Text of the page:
Saturday, March 20, 2010

Hell Hollow by Ronald Kelly

Book Details
Hell Hollow by Ronald Kelly
Paperback, 500 pages
2010, Cemetery Dance Publications
ISBN: 9781587671869

From out of a shadowy backwoods hollow, echoes a dark threat from the past, nearly a century lost and forgotten.

The rural town of Harmony, Tennessee possessed a disturbing secret; a secret so ancient that most of its residents were completely unaware of it. Even the last survivors of a vigilante raid long ago have filed the tragic events of that autumn night away, totally unaware of the evil that remains, dormant, but forever patient, among the tall pines and thick-leaved kudzu of a place known only as Hell Hollow.

There it would have remained, unrevealed, if not for a handful of unknowing participants. Four kids, bored for excitement during one of the hottest summers on record. A killer on the run, dodging his latest atrocity. And a rape victim on a deadly mission – scarred in both body and mind. All have a hand in bringing forth an unspeakable evil from the dark woods of Hell Hollow.

He is a skeletal figure in top hat and tails, brandishing a handful of magical cards and a patented elixir that was brewed in the very depths of Purgatory.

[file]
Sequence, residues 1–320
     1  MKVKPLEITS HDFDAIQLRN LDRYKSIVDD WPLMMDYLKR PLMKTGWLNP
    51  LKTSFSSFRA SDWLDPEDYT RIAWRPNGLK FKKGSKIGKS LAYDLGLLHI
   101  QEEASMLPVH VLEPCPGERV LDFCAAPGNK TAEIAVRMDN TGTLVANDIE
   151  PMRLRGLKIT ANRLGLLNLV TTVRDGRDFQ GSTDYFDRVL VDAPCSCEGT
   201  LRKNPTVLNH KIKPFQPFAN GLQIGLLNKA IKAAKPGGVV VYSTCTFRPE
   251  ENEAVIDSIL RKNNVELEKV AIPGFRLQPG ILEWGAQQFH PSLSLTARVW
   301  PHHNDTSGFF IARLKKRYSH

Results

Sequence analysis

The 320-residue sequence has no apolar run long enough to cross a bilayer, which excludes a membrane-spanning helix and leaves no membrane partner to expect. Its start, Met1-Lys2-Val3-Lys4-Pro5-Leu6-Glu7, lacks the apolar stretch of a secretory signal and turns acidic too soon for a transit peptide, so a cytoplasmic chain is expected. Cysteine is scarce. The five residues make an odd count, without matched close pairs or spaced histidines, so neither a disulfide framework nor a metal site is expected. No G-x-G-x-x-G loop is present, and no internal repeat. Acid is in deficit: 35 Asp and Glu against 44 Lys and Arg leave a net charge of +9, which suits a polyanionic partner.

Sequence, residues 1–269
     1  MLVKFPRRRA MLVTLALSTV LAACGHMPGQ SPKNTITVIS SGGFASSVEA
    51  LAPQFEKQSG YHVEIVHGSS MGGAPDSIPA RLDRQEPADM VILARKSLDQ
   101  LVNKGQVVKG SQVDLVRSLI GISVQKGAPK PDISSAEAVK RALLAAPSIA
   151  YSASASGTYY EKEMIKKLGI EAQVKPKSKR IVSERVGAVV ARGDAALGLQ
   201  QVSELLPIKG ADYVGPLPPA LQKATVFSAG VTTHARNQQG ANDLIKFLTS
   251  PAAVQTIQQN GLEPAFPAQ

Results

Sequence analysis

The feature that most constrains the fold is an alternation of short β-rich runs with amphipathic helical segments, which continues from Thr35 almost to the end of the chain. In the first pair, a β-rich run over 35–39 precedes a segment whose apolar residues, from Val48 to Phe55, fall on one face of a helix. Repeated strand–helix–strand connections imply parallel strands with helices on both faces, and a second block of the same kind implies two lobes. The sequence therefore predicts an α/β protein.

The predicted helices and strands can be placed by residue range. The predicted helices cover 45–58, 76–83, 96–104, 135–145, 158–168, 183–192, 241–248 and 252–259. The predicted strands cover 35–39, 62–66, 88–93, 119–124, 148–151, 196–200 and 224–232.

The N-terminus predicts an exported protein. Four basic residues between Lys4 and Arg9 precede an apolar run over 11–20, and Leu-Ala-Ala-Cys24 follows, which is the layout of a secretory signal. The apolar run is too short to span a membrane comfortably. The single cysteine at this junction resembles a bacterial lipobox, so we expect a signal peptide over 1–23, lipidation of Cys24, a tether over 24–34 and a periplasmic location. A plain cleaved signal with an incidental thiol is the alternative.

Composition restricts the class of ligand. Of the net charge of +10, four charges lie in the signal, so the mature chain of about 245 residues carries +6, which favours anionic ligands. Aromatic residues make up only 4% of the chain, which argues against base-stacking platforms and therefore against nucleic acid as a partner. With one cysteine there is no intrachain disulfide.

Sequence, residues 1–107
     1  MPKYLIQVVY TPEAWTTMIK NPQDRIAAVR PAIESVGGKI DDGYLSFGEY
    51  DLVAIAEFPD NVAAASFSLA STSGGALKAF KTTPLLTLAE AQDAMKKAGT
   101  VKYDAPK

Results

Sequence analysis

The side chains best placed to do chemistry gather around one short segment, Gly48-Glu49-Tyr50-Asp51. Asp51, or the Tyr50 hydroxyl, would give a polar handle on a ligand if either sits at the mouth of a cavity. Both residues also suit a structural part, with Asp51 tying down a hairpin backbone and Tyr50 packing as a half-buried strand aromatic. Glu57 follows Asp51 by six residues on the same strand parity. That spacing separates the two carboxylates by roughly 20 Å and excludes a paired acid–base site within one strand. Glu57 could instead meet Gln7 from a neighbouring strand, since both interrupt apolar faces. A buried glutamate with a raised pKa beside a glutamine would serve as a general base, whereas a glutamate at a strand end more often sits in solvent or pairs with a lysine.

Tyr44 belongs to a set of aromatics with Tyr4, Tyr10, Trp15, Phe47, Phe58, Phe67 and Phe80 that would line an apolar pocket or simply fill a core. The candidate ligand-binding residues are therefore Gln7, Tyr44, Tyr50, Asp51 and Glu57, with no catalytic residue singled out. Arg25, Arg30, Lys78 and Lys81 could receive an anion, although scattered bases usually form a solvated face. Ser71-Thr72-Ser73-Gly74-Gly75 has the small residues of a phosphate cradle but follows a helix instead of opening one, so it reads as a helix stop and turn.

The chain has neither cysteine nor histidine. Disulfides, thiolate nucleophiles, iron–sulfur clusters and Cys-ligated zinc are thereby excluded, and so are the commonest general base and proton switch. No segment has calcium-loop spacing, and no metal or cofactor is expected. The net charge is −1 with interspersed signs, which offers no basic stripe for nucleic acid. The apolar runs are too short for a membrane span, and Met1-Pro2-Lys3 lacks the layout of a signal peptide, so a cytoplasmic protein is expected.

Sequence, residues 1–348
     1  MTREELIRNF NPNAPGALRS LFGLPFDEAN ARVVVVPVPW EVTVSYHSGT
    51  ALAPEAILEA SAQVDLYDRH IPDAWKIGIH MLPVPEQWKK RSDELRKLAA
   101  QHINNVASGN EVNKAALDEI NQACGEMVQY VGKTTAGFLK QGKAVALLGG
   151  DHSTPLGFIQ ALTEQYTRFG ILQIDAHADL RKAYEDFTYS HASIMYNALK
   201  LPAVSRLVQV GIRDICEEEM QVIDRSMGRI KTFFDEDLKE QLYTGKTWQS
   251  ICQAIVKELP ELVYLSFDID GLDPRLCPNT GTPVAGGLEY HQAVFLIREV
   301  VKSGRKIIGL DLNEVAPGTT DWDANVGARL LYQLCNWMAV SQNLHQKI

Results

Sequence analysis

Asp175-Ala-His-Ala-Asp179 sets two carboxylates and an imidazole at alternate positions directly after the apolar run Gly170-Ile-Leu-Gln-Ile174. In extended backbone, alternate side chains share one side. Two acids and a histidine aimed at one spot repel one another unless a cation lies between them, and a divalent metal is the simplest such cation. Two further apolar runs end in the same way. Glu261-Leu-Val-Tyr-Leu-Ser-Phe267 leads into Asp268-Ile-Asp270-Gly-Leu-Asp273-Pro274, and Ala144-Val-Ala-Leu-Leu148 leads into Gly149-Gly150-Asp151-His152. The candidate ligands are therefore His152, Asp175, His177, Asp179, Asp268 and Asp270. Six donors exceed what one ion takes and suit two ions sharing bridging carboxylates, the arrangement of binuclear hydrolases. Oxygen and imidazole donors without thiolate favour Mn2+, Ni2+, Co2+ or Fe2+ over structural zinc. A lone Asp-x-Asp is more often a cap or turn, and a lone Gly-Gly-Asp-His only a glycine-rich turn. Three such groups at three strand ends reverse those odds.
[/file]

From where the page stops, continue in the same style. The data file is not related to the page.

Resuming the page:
Hell Hollow is a thoroughly southern novel. For a yankee like me, it was like traveling to an entirely different world. The farms, the clothing, the food and the phrases are minor detailed touches that create an air of authenticity. It really makes you feel as if you are there with the characters.

The story itself is imaginative and rather thrilling at times. I enjoyed how the story spanned 90 years, bringing the grandfather into the thick of the story. The scenes with Allison, the rape victim, were some of the very best in the novel. Hell Hollow is a well balanced story, allowing neither the light nor dark moments to overwhelm the story.

For a thrilling horror novel, it doesn't showcase much that is too grotesque. Ronald Kelly's writing here avoids shock tactics and the gross out factor, allowing the reader to become emotionally invested in the characters. Things become a bit repetitive towards the end of the novel and the story seems to lose a little momentum. The focus seems to shift from the bad guy to the bonding of loved ones which I believe may alienate readers who have waited over 450 pages to get to the climax.

Overall, I really enjoyed the novel. It isn't terrifying by any means and had a few flaws, but the premise is solid and the pages flew by. I would definitely recommend Hell Hollow to anyone interested in expanding their reading into the horror genre without risking nightmares.


Ronald Kelly's website


  1. This sounds like one I would like. I'm a Yankee too, but have been a Southern transplant for 19 years in Nashville, Tennessee. I've grown accustomed to the southern way of speaking, but I'm still recognized as a Yank, even after 19 years. Since I moved here in my 20s, I guess the Yankee side stuck (which I'm still proud of, btw)! Anyway, I enjoy southern authors, especially horror and historical (Robert Hicks comes to mind). Can't wait until the Southern Festival of Books!

    Darn, did I digress from the! Sorry, Jennifer! Anyway, nice honest review. I'm going to add this one to my wishlist.